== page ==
Senator McCain dies after battle with cancer

Service members carry McCain’s casket. (Flickr)

By James Wright
Staff Writer

Arizona Senator John McCain died in his home on Saturday, Aug. 25 after a losing a long fight with brain cancer, according to The New York Times. He was 81 years old.

McCain, a renowned naval aviator survived the depths of the Vietnam War to eventually become a staple in Republican politics. He was also a two-time presidential candidate.

Revered by his colleagues in the chambers of Washington, McCain is remembered as a patriotic maverick who represented the old-guard, establishmentarian wing of the Republican Party. In addition, his ability to reach across the aisle and work to reach bipartisan agreements won him the respect of many political foes, according to The Wall Street Journal.

“‘Few of us have been tested the way John once was, or required to show the kind of courage that he did. But all of us can aspire to the courage to put the greater good above our own. At John’s best, he showed us what that means,’” said former president Barack Obama, who defeated McCain in the 2008 presidential election, according to CNN.

Obama’s mentioning of McCain’s courage can be attributed to the senator’s service during the Vietnam War. Having grown up in a military household—his father and grandfather were both four-star admirals in the U.S. Army—McCain carried his name into battle with intense yearning to serve his country in the fight against the spread of communism, according to The New York Times.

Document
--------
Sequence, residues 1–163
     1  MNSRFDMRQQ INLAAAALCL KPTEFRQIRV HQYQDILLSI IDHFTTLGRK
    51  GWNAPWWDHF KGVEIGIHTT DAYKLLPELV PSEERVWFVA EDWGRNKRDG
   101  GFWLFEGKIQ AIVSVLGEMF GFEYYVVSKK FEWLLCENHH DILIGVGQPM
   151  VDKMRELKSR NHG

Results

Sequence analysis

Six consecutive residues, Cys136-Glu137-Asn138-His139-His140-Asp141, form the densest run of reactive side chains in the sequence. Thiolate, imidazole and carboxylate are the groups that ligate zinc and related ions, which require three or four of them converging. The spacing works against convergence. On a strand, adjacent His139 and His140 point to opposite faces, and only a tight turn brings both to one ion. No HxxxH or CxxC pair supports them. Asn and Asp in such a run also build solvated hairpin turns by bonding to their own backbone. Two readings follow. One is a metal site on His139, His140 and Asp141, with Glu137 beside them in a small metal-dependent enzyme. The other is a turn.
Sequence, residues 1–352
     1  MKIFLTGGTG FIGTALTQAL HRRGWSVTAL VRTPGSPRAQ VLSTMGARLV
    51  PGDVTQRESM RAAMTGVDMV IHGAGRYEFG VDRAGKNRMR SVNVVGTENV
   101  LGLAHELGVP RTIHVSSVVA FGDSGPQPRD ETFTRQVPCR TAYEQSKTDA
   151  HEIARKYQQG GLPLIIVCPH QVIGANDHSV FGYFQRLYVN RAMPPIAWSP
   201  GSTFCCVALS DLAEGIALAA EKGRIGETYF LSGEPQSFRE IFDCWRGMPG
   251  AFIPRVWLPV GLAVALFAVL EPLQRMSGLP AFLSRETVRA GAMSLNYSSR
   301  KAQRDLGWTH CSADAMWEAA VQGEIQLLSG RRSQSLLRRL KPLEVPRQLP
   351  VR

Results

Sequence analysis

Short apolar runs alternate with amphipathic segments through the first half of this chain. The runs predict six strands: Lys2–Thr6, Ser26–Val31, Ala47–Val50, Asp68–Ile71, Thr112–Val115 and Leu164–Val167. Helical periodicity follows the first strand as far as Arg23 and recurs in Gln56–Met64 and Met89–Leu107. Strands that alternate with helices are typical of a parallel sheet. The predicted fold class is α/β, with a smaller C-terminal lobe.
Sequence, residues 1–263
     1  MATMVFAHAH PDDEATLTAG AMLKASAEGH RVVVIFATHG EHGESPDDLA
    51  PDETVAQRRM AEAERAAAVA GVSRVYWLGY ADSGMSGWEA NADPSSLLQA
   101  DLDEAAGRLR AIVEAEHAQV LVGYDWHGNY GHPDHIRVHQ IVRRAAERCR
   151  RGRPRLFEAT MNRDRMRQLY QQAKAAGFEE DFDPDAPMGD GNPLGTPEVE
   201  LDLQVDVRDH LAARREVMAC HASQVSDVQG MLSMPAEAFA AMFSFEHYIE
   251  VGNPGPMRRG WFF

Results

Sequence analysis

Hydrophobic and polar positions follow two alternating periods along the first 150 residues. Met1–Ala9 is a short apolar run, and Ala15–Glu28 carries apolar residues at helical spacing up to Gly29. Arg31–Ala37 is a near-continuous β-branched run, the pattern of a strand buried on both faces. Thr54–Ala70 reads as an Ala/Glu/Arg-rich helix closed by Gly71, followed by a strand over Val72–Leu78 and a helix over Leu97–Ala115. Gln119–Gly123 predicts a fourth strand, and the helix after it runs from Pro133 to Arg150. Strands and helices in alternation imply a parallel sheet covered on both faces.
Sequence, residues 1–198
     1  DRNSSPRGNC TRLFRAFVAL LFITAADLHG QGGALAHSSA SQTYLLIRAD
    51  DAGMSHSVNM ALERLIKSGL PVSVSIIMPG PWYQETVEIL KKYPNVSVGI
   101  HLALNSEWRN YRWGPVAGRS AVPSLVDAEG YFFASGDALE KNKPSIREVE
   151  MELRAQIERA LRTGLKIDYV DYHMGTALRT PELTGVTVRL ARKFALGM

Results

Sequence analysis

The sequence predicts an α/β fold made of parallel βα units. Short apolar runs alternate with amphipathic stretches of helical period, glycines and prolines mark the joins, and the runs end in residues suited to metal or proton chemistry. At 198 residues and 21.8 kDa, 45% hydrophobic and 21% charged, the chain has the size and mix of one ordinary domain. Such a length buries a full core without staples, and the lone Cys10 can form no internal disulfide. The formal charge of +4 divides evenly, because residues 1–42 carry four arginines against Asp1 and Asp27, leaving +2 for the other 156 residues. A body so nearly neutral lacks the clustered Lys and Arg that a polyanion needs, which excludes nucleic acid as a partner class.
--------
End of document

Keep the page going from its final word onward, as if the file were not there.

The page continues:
McCain’s bravery and heroism were demonstrated throughout his struggle as a prisoner of war. He was kept in solitary confinement for two years, and was subject to frequent beatings from communists in North Vietnam. This, in part, led McCain to attempt suicide two times while in captivity, according to The New York Times.

Because McCain’s father was commander of U.S. forces in the Pacific Theater, the North Vietnamese tried to coax McCain into an early release, and they engaged in mockery by referring to the captive soldier as the “Crown Prince.” McCain refused to be released and endured severe beatings, saying that being released ahead of previously captured POWs would serve as a propaganda victory for the communist forces, according to The Wall Street Journal.

McCain’s experiences in Vietnam would greatly alter the person he became upon his return, and his career in politics reflected that change. It helped form his views on torture, as he became an ardent opponent of tactics such as waterboarding enemy combatants to obtain classified information, according to The New York Times.

He reached across party lines multiple times to warn of the dangers of waterboarding. He spoke out after then-presidential candidate Donald Trump claimed that torture works, according to The Wall Street Journal.

McCain’s personal animus with President Trump represented a growing rift within the Republican Party, as McCain early on classified himself as a Reagan Republican, according to The New York Times. He did this by maintaining stances such as support for free trade and the North Atlantic Treaty Organization and by possessing a deep suspicion of Russia’s ability to interfere in free elections.

The Senator’s impactful life dedicated to serving the U.S.’ interests at home and abroad will serve as a legacy that his colleagues, and the American electorate, will not soon forget.